Chicago Democrats have a saying about unwanted help who may want to wet their beaks in the trough of public service:
"We don't want nobody nobody sent."
And former President Bill Clinton is now that nobody.
National Democrats hugged him as recently as the 2016 presidential campaign, when he was Hillary Clinton's surrogate zero. Now they don't want him anywhere near the 2018 congressional midterm elections.
How can you have Bill around while you reach for that weaponized #MeToo movement and rewrite your history? It would be so awkward.
Politicians don't want voters to realize that those who shout the loudest often sip their hypocrisy quietly, through a straw.
In Politico, Democratic Congressional Campaign Committee Chairman Rep. Ben Ray Lujan pointedly avoided the Bill issue.
Lujan is in the job Clintonista and Chicago Mayor Rahm Emanuel once held, back when Emanuel would send dead fish to his political enemies.
"As we travel around the country ... different candidates are going to be making requests for different surrogates," Lujan was quoted as telling reporters when asked about Bill and 2018.
In politics, what politicians say isn't the story. What they don't say is instructive. And Lujan's pointed avoidance of Clinton's role is deafeningly loud, like the silent scream in the Edvard Munch painting.
Yet little more than a year ago, when then-Republican presidential candidate Donald Trump was accused of sexual assault, or at least was caught bragging about grabbing women by the genitals on that revealing "Access Hollywood" video, Democrats thrilled at Clinton's approach.
Even future #MeToo leaders like Sen. Kirsten Gillibrand of New York sang Clinton's praises.
Now, though, you can't very well have a former Democratic president who put his hands on women in the Oval Office, and who allegedly raped a woman as Arkansas attorney general (and told her afterward to fix her face), anywhere near 2018.
But that's just the pimple, not the infection itself.
What Democrats don't want to deal with is how they rationalized it all. Clinton offered what they wanted: protection of abortion rights and access to power.
And with the #MeToo movement in their hands, they find their own history so embarrassing they must rewrite it before selling a new script to voters.
The #MeToo movement is too important to be diminished by partisan politics, but that's what's happening.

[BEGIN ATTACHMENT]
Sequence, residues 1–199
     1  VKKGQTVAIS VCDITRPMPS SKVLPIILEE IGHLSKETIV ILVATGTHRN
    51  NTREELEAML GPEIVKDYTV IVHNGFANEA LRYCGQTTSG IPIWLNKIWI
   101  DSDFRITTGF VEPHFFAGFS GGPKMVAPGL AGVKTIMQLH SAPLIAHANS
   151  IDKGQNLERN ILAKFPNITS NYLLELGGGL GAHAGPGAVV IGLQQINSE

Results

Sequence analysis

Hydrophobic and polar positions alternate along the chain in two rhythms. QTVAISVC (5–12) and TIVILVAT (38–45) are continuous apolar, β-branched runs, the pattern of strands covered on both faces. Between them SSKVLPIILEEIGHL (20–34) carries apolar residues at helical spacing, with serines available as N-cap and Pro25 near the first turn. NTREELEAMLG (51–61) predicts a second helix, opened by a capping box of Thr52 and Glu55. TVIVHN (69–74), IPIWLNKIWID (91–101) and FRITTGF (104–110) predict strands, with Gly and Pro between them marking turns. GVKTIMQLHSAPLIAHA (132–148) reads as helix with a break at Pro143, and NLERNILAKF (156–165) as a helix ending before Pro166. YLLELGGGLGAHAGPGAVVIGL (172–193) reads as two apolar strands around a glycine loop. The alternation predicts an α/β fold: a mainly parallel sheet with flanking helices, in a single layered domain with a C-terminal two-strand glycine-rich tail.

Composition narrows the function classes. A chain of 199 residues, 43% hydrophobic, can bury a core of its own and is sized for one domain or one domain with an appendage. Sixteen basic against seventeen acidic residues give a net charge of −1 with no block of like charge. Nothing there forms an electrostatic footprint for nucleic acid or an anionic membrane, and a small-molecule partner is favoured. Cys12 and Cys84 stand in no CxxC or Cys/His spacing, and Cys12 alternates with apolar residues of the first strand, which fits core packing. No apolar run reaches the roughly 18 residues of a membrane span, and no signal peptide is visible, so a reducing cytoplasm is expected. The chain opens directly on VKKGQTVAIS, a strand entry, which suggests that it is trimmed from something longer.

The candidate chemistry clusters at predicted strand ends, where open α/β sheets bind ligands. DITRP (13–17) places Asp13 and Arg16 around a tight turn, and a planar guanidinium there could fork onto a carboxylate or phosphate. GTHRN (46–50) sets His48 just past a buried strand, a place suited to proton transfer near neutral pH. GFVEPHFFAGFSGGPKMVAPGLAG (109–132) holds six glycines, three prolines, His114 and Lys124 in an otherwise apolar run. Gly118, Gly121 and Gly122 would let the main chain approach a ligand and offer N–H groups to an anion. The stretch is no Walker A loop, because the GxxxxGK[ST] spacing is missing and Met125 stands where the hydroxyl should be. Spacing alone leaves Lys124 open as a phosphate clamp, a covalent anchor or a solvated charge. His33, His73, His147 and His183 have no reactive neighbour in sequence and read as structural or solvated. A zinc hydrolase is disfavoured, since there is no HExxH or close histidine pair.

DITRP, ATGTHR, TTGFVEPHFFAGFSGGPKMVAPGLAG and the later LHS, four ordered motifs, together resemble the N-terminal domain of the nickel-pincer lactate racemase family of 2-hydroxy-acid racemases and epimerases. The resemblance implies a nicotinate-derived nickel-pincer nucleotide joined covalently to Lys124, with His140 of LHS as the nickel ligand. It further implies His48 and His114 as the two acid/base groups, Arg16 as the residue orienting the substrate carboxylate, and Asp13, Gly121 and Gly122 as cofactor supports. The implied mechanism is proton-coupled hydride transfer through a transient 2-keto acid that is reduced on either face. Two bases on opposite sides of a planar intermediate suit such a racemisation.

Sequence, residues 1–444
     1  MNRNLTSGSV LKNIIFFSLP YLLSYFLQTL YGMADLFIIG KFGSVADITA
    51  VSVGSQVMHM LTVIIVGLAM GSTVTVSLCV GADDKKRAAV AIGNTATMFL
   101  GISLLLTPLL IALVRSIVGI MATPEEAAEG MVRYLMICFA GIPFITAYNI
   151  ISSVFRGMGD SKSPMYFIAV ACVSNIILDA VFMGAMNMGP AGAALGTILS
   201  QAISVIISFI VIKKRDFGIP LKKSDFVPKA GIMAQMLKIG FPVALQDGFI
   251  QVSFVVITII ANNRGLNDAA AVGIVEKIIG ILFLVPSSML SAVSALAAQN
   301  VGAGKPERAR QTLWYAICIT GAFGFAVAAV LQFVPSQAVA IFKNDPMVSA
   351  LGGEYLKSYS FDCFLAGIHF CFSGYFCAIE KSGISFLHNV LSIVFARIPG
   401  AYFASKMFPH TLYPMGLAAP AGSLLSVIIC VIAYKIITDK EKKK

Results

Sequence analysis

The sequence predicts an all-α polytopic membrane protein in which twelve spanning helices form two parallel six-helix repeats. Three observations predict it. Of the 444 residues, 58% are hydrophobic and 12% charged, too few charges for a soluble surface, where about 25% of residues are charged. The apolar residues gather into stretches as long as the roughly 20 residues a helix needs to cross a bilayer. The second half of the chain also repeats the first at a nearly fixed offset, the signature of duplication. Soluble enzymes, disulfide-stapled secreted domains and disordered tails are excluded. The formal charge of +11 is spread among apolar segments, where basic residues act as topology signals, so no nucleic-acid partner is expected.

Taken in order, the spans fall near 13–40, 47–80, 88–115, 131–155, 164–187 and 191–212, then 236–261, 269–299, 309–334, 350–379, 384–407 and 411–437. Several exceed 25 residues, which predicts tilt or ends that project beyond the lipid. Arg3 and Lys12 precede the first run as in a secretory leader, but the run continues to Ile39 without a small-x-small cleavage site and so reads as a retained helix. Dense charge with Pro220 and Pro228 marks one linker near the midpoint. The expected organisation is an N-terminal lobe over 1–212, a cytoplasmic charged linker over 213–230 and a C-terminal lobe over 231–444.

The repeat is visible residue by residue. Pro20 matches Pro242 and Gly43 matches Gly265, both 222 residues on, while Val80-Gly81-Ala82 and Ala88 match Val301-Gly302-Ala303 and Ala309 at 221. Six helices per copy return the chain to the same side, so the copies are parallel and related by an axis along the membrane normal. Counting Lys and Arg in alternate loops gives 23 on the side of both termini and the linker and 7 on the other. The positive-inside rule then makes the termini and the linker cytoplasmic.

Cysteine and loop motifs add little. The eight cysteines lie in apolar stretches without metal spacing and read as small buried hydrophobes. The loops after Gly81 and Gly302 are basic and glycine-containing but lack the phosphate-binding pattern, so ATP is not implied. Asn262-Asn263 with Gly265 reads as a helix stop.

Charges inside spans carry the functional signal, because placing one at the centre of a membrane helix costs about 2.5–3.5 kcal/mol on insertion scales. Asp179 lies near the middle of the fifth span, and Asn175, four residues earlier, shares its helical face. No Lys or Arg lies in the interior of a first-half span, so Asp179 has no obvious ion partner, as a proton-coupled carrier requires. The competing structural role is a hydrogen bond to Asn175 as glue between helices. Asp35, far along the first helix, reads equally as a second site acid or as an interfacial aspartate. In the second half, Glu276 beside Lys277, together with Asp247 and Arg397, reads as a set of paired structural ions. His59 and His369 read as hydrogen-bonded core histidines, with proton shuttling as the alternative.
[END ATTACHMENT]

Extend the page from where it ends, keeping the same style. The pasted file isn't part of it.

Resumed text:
No woman should have to deal with sexual harassment or assault.
And no man should be allowed to make public policy after allegedly battering a woman, as Rob Porter, staff secretary at the Trump White House, was allowed to do for months before recently resigning.
Still, you can see how #MeToo is being enveloped by Democrats. It is the 2018 version of the "Year of the Woman," the feminist slogan that played so well with suburban soccer moms and leveraged Bill Clinton into the White House years ago.
Only then did Bill reach for Monica and the cigars.
Feminists and others of the left protected him, arguing that lies about sex -- even under oath -- was just a private matter. Now, of course, it's all a public matter.
Yet back then, liberal writer Nina Burleigh captured the feminist left in all its glory.
"I think American women should be lining up with their presidential kneepads on to show their gratitude for keeping the theocracy off our backs," Burleigh wrote.
If Democrats were truly serious about #MeToo, you'd think they'd hold a public ceremony of exorcism, burning all those kneepads in some giant, quasi-religious bonfire.
"I think it's pretty tough," Rep. Pramila Jayapal, D-Wash., was quoted as saying by Politico, on the necessary distance between the Democrats and Clinton.
She is vice chair of the Congressional Progressive Caucus, and a leader in demanding changes in Washington's approach to sexual harassment.
Clinton being anywhere near 2018 "just brings up a lot of issues that will be very tough for Democrats," Jayapal said. "And I think we all have to be clear about what the #MeToo movement was."
What it is or what it was?
No political party can corner the market on hypocrisy, and the Republicans have plenty to share.
Republicans once were adamant that character counts in a president. Now they applaud evangelical clergymen who defend Trump, just as the Nina Burleighs of the left once defended Bill.
And Republicans were also once quite worried about that massive government debt that would be left to all those grandchildren.
But it's all water under some bridge the president would build with his trillion-dollar infrastructure plan that America can't afford.
At least outgoing U.S. Rep. Trey Gowdy, the South Carolina Republican and former federal prosecutor, has his priorities straight.
He wants to know about the White House and Rob Porter.
He's begun an investigation by the House Oversight Committee to find out what White House chief of staff John Kelly and White House counsel Don McGahn knew about Porter's questionable security clearance.
The Trump White House has bumbled explanations as to why Porter was allowed to remain at the White House with only an "interim" security clearance, despite a protective order granted to one of Porter's ex-wives.
"I would want to know from Don McGahn and Gen. Kelly and anyone else, what did you know, from whom did you hear it, to what extent did you hear? And what actions if any did you take?" Gowdy said on CNN. "The chronology is not favorable for the White House."
No, it is not.
But as it proceeds, Bill Clinton becomes the incredible shrinking man, the nobody nobody sent.
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John Kass is a columnist for the Chicago Tribune who also hosts a radio show on WLS-AM.